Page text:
Credit report errors are fairly common. Here's what to do if you spot one.
Your credit report is a pretty important document. Not only does it contain information about the loans and credit cards you have open, it contains details on how well you pay your bills.
But credit reports aren't always accurate. If yours contains a mistake, it could prevent you from getting a mortgage or loan, renting a home, and, in some cases, getting a job.
Those mistakes are pretty common. A good 34% of Americans found at least one error on a credit report between February and April this year, according to an investigation by Consumer Reports.
If you haven't checked your credit report for errors recently, it's time to order a copy and read it thoroughly. Otherwise, you could get penalized financially through no fault of your own.
How to check your credit report
You have more than one credit score, and similarly, you have more than one credit report. That's because there are three reporting bureaus that put scores and reports together:
Usually, the information on your credit reports is the same, but there can be discrepancies, so it's important to check all three. You can usually get one free copy of your credit report each year from each bureau, but between now and April 2022, you can get one free copy a week. You can go to each bureau's website to request your free copy, or get all three through annualcreditreport.com.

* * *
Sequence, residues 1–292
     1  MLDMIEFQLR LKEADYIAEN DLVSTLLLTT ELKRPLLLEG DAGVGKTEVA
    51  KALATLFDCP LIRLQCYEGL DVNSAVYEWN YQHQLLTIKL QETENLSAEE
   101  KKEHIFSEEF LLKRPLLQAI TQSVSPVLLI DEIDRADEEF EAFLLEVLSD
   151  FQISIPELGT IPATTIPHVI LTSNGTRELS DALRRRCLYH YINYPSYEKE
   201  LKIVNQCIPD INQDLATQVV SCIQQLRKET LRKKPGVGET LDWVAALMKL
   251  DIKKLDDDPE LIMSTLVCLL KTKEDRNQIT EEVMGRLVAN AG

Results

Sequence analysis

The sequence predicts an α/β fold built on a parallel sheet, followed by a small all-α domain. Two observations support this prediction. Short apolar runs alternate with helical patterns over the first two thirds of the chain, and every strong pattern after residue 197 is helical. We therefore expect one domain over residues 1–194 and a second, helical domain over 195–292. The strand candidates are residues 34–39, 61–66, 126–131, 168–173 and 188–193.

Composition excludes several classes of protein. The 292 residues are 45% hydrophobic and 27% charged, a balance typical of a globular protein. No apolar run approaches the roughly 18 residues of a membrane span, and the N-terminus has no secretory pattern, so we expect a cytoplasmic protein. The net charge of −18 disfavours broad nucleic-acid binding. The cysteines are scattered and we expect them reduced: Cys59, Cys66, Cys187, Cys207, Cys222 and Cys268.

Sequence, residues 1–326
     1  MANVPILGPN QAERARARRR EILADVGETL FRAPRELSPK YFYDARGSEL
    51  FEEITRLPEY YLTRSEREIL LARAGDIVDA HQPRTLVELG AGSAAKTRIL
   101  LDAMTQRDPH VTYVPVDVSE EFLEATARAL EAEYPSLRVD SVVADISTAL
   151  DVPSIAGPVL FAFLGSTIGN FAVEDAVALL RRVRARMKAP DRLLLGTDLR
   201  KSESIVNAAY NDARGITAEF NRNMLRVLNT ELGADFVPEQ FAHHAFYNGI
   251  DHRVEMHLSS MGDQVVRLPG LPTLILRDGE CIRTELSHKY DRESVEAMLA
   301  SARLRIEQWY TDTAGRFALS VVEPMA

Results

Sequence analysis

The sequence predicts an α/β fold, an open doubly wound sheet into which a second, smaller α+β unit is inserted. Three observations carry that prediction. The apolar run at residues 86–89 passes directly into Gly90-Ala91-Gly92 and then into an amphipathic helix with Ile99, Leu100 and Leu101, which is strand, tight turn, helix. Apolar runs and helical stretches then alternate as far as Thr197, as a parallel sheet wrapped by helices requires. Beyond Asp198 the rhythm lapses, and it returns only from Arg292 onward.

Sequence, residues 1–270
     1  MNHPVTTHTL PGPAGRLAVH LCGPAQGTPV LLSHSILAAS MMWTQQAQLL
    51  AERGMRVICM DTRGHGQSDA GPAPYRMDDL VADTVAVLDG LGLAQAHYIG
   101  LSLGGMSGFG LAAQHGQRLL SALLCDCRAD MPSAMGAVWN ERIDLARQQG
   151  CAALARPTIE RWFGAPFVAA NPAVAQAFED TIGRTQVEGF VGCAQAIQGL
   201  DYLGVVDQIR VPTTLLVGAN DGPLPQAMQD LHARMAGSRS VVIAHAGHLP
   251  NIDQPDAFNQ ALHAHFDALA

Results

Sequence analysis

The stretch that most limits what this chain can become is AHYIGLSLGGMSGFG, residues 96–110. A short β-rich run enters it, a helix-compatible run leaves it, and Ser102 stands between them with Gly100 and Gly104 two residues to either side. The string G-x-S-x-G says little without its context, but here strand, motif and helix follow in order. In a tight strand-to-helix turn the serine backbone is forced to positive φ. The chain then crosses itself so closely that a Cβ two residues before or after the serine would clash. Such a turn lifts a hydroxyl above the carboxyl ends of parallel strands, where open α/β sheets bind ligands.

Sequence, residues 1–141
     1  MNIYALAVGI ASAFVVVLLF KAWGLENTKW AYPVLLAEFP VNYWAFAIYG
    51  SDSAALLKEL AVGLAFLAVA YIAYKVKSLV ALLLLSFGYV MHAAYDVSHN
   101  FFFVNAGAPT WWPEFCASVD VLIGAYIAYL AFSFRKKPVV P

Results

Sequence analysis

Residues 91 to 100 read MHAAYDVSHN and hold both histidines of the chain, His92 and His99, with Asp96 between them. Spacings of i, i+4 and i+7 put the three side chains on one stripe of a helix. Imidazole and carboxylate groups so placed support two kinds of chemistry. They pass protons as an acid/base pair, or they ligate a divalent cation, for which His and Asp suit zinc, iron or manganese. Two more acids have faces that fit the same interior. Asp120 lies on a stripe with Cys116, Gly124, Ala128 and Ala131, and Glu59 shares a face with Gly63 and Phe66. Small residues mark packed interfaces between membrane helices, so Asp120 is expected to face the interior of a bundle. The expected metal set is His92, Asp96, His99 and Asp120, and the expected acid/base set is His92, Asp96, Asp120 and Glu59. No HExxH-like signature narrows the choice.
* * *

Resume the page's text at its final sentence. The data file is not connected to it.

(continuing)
What to do if you spot an error
Credit report errors can run from having a misspelled name to showing accounts that aren't yours. If you notice a mistake, contact the bureau that issued the report and explain, in writing, what the error entails.
For example, say your credit report shows that you have an outstanding balance on a personal loan you paid off. Sending a copy of your loan payoff documents should prove that the debt is no longer applicable.
When you report an error, the credit bureau must investigate it within 30 days. And once that mistake is corrected, you have the right to request that the issuing bureau send an updated copy of your credit report to any lenders who accessed it over the previous six months.
Say you applied for a mortgage three months ago and got denied due to a red flag on your credit report. Once the error is corrected, the issuing credit bureau should send an updated copy to the lender that denied you, though you may need to request that.
Credit report errors can hurt you in many ways, so it pays to be vigilant and stay on top of them. If you can't remember the last time you checked your credit report, get a copy as soon as possible.
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